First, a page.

Court case of Association of General Practitioners
Since March 2013, the Dutch Association of General Practitioners (Vereniging Praktijkhoudende Huisartsen, VPH) has been litigating in a large-scale civil case against the private administrator of the LSP: the Association of Healthcare Providers for Healthcare Communication (Vereniging van zorgaanbieders voor zorgcommunicatie, VZVZ). Following unsatisfactory rulings by the district court of Utrecht and the Arnhem Court of Appeal, VPH appealed before the Dutch Supreme Court at the end of 2016. Since then, this case has, on the recommendation of Privacy First, received pro bono support from law firm Houthoff Buruma. As amicus curiae, Privacy First and the Platform for the Protection of Civil Rights filed a letter (PDF) with the Supreme Court in support of the general practitioners and in line with our joint campaign SpecifiekeToestemming.nl. In her conclusion, the Advocate general of the Supreme Court referred extensively to the amicus curiae letter. On 1 December 2016, the Supreme Court finally came up with its ruling. Regrettably, the Supreme Court by and large agreed with the line of reasoning of the Arnhem Court of Appeal. Privacy First cannot help thinking that the LSP (even before the Supreme Court) is apparently too big too fail: by now this faulty system has grown to the extend that no one dares to declare it unlawful. There is, however, an important positive note, which can be found in the final consideration of the Supreme Court:
‘‘[The Court has] acknowledged that the healthcare infrastructure can be designed in such a way that a clearer distinction can be made between (sorts of) data and (categories of) healthcare providers and, particularly, in such a way that the exchange of data on the basis of consent can beforehand be limited to cases of urgency. The Court takes the view that such infrastructure would be better in line with the principles of the Privacy Directive and the Personal Data Protection Act, but that it could not have been demanded from VZVZ at the time of the contested ruling. According to the Court, VZVZ can be expected, however, to alter its system offering greater freedom of choice, as soon as this is technically possible and feasible.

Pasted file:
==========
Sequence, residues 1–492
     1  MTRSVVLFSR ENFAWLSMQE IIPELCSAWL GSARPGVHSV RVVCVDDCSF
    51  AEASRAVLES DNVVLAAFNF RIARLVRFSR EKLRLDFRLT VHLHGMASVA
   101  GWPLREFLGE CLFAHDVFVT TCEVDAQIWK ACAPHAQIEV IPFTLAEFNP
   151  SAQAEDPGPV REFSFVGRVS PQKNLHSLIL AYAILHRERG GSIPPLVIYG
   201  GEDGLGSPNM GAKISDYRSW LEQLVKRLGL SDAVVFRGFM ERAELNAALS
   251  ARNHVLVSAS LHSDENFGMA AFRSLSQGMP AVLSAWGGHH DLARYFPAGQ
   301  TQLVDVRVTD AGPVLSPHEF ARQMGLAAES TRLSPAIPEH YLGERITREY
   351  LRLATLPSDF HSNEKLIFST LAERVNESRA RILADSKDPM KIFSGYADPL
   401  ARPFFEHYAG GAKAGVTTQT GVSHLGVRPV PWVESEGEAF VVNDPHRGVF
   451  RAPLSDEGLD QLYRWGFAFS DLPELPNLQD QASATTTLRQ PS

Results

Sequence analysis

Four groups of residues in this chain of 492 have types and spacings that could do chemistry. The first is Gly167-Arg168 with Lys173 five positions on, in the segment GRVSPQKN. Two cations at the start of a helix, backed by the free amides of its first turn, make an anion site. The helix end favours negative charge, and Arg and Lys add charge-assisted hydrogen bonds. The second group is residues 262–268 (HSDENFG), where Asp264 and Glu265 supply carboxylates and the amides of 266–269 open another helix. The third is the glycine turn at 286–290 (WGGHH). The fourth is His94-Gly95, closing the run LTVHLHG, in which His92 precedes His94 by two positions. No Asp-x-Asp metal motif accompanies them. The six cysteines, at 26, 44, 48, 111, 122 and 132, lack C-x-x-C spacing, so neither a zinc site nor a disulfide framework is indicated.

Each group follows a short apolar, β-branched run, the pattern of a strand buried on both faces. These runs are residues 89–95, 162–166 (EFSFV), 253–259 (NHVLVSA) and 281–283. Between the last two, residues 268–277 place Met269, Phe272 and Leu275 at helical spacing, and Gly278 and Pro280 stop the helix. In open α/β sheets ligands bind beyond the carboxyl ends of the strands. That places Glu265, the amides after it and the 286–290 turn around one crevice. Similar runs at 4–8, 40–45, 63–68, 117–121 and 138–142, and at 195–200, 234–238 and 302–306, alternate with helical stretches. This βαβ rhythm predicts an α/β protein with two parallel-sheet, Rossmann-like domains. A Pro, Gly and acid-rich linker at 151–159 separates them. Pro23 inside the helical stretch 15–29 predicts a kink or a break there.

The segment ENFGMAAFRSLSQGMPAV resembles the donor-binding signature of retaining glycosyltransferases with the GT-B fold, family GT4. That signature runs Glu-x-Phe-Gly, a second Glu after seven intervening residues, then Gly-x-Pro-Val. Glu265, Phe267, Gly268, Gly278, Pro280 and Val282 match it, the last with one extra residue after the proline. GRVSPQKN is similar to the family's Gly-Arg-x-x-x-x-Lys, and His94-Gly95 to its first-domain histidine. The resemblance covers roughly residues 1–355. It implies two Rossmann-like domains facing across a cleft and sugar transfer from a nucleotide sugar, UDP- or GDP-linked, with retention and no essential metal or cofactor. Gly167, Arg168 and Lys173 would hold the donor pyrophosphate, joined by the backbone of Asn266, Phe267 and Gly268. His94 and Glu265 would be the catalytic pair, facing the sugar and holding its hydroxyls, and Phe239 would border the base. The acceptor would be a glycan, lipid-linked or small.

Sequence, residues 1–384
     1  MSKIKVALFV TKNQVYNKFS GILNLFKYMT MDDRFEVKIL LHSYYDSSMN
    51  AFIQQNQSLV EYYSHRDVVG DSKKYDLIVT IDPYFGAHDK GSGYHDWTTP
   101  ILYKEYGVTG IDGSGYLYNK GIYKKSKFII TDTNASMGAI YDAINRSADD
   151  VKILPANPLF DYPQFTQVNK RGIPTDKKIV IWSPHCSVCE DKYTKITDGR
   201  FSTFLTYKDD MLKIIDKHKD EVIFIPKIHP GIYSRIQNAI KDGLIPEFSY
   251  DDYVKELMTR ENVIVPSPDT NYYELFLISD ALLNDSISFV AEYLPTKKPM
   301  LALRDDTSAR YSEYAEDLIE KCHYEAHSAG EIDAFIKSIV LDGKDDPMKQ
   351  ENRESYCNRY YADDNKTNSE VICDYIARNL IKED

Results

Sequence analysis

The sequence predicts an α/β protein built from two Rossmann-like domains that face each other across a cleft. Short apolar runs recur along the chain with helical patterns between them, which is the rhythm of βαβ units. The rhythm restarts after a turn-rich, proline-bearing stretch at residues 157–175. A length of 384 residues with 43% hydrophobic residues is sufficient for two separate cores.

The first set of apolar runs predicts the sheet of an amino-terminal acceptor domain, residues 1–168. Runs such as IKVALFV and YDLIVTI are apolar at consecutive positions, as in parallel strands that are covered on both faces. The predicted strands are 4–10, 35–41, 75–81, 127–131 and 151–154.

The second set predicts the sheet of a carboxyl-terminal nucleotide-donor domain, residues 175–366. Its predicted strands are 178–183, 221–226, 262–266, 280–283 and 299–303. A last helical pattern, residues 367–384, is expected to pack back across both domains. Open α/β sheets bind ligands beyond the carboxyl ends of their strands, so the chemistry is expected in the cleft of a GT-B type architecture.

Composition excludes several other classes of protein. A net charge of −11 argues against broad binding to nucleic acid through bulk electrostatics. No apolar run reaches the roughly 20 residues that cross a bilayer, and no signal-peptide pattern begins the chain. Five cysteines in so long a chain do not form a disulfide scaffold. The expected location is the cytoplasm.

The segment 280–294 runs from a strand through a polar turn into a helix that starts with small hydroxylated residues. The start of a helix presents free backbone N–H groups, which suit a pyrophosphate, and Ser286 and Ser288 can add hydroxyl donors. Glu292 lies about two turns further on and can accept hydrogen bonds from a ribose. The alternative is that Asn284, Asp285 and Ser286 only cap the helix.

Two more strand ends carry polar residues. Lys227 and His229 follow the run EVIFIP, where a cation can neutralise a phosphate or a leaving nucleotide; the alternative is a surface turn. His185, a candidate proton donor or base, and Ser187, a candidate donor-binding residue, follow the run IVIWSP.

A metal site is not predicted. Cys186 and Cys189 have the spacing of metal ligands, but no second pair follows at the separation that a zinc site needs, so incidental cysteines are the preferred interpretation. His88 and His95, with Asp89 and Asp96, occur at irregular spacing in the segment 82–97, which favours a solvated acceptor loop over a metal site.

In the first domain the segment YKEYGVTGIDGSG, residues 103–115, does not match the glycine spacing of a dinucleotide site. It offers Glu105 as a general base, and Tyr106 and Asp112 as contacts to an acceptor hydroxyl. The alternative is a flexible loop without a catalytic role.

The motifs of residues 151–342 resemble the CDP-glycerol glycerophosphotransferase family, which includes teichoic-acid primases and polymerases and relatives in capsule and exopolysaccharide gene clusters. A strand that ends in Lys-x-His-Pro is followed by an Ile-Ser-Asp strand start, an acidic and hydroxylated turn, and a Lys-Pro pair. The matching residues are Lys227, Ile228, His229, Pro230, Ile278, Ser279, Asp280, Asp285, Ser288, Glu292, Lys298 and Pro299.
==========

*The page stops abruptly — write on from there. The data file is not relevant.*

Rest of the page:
These considerations are not incomprehensible. It is worthwhile noting that, considering (...) the regulatory changes and VZVZ’s ambitions in relation to the system (...), privacy by design and privacy by default as explicit points of departure (art. 25, paragraphs 1 and 2 General Data Protection Regulation), is what the Court can reasonably expect from VZVZ.’' (5.4.4)
Just like the Arnhem Court of Appeal, the Supreme Court clearly homes in on the implementation of specific consent and privacy-by-design when it comes to the LSP. The Supreme Court thereby creates a positive precedent which will set the scene for the future, also in a broader sense. Privacy First will continue to actively follow the developments in this case and, if necessary, will not hesitate to bring certain aspects to the attention of the courts once more.
HERE you find the amicus curiae letter written by Privacy First and the Dutch Platform for the Protection of Civil Rights (pdf in Dutch).
Comments from the Dutch Association of General Practitioners: http://www.vphuisartsen.nl/nieuws/cassatieberoep-vphuisartsen-verloren-toch-winst/
Comments from SpecifiekeToestemming.nl: http://specifieketoestemming.nl/werk-aan-de-winkel-na-teleurstellend-vonnis-over-lsp/.